Breeders are the most resilient of the poultry, as they consist of a large variety of mostly indigenous breeds.
“I keep the breeders with some of the pigs and let them scavenge on the fruit and vegetable scraps fed to the pigs. I also give them grains. These birds are like a hobby for me. I’m trying to see if I can develop my own breed and some uniquely coloured eggs.”
The broilers and layers, in contrast, receive premixed commercial rations and have access to Sibanda’s patches of microgreens, which consist of barley and vegetables.
Earthworms and vermicompost are introduced to the vegetable patches to ensure that the birds have access to sufficient greens and protein. The layers also receive seasonal fruit and vegetables, depending on the price of the produce.
“Allowing the birds to feed in my vegetable patches and eat scraps [from the pigs] has helped to halve my feeding costs,” says Sibanda.
The broilers and layers are vaccinated before their arrival at Rocklands, and Sibanda administers no other form of medication. He does, however, add aloe juice to the drinking water to control internal parasites and boost the birds’ immunity. He also adds wood ash to the production areas for the birds to bathe in, which helps keep ectoparasites in check.
In 2020, Sibanda expanded production to include free-range pigs, initially testing the system with three pigs that a friend had given him.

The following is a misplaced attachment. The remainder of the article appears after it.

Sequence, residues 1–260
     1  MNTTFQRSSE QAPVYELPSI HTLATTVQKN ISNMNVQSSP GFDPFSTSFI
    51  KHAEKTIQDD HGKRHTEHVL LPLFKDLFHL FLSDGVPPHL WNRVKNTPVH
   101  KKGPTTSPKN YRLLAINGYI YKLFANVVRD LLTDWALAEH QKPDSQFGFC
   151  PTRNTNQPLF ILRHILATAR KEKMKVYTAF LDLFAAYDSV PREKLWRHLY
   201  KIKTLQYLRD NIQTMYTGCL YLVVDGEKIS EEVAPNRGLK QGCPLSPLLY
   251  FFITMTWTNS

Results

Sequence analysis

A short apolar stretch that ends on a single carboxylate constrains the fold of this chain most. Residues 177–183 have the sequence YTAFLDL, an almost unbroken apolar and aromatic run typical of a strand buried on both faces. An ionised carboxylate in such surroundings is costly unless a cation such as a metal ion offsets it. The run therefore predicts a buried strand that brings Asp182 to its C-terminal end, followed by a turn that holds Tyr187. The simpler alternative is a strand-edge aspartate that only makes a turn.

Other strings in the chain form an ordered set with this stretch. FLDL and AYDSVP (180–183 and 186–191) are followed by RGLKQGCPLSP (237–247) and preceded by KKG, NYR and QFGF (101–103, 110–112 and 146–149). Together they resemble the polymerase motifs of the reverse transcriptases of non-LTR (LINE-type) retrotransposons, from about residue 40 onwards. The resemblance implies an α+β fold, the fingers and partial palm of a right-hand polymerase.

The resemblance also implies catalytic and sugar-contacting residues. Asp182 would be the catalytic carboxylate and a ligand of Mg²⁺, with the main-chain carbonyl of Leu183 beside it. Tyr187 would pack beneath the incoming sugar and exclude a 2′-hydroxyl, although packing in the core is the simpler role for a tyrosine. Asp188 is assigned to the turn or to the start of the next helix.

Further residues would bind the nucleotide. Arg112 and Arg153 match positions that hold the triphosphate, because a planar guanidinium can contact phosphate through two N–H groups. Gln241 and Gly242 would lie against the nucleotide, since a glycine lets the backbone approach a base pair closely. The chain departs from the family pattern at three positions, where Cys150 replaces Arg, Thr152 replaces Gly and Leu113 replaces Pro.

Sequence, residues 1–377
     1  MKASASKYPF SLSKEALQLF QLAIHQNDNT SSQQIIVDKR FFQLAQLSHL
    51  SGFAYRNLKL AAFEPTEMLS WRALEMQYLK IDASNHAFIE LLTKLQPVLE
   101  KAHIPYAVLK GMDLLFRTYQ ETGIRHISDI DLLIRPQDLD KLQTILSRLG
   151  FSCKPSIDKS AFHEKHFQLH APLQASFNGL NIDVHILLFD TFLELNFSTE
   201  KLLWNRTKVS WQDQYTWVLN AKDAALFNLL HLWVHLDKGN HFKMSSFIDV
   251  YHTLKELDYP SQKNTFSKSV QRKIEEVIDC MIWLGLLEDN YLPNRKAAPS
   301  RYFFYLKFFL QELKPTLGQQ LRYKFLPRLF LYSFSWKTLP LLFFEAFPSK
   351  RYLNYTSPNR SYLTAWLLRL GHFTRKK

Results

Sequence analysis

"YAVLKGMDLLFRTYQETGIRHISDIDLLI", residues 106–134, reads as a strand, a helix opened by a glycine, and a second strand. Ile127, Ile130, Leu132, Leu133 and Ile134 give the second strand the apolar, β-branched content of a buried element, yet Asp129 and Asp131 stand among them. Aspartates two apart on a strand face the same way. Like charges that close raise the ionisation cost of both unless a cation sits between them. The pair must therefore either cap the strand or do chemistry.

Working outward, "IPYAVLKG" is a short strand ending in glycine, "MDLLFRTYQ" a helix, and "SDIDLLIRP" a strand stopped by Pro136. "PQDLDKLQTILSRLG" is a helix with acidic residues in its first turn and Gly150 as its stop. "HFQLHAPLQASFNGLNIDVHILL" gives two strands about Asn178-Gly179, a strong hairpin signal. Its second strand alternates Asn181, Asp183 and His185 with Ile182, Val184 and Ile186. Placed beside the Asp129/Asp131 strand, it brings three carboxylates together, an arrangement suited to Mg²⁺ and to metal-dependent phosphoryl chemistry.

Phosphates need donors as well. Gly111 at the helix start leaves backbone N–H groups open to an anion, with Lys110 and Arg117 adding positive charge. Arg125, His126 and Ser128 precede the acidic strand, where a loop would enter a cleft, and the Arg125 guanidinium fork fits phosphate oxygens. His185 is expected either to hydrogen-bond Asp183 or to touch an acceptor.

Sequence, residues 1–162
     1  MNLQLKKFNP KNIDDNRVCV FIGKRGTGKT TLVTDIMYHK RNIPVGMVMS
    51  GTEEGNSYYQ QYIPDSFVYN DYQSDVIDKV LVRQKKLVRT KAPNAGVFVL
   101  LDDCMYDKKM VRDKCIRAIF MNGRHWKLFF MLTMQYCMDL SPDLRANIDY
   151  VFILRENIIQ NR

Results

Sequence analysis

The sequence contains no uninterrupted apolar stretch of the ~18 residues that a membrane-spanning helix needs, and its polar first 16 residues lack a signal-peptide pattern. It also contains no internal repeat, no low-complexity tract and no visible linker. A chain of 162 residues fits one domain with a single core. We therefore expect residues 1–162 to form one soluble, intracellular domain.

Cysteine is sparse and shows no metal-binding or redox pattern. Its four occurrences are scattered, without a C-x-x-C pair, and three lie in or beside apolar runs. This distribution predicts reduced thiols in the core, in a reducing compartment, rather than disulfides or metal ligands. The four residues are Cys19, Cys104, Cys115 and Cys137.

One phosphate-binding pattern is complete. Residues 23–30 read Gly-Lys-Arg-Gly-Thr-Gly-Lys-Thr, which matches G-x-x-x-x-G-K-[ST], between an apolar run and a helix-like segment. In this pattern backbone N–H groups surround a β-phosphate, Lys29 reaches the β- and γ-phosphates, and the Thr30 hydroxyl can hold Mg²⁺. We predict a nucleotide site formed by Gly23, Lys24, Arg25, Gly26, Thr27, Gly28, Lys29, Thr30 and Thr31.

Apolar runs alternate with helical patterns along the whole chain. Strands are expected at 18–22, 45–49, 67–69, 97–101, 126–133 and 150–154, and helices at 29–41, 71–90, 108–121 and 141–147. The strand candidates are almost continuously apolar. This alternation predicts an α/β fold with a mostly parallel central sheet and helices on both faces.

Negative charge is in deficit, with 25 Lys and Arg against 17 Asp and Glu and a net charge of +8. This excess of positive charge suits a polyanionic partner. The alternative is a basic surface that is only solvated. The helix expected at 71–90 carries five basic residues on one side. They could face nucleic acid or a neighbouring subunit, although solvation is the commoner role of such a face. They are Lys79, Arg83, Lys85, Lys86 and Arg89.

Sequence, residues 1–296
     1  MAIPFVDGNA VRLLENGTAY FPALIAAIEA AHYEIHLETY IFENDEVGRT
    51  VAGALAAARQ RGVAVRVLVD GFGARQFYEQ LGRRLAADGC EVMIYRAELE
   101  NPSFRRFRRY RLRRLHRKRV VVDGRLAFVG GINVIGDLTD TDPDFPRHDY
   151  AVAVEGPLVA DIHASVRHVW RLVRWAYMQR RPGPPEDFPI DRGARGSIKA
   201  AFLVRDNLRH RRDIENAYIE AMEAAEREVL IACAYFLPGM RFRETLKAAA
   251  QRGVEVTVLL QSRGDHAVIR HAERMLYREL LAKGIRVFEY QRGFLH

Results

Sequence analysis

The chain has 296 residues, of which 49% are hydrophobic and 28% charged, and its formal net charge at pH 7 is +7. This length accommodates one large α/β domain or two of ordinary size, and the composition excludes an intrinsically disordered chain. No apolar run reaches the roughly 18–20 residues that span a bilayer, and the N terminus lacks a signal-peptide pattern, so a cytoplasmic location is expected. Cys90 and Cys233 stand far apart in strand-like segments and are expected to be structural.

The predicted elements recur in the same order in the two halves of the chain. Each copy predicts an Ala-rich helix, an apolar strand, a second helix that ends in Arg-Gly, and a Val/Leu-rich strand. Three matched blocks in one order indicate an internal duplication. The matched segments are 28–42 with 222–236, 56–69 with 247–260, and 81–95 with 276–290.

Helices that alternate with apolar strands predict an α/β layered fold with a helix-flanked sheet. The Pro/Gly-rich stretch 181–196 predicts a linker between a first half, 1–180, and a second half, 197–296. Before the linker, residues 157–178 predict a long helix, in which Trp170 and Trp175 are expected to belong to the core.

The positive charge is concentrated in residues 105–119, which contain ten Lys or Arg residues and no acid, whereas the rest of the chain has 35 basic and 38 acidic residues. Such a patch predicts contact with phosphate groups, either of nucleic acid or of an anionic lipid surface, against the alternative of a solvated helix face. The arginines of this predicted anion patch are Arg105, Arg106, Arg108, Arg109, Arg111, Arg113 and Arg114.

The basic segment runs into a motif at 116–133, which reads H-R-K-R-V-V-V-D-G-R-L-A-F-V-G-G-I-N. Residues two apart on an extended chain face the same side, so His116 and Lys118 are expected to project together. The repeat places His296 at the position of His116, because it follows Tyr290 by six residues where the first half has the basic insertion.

“Before farming something new, it’s best to test it on a small scale, then build it up from there once you’re certain it’s suited to the environment and you’re more proficient at producing it.”
This year, he had six sows of a Landrace and Large White mix, which farrowed a total of 58 piglets.
The pigs scavenge outdoors and are supplemented with vegetable and fruit waste from restaurants, as well as brewer’s malt acquired from a nearby microbrewery.
Sibanda’s livestock have never struggled with diseases, probably because there are no other poultry or pig farms nearby. Nonetheless, he was apprehensive during the recent avian influenza outbreak, when some of the penguins in the area tested positive for the disease.
“To reduce the risks, I increased biosecurity measures and kept the birds in-house,” he says.
Sibanda is toying with the idea of opening a small butchery to add value to his products, and including rabbits in his product offering.
He says that while farming at the tip of Africa is a dream come true, he and his wife, Innolia, are not rooted in South Africa, and will probably move back to Zimbabwe, or even Botswana, where his mother lives, if the opportunity presents itself.
“I’ve been very fortunate to have my business grow the way it has, but farming is always easier when you have your own land or a 99-year lease, as it gives you an incentive to invest in modern farming equipment and infrastructure.
“With a short-term lease, there’s always the risk that you might have to move your operation elsewhere,” he says.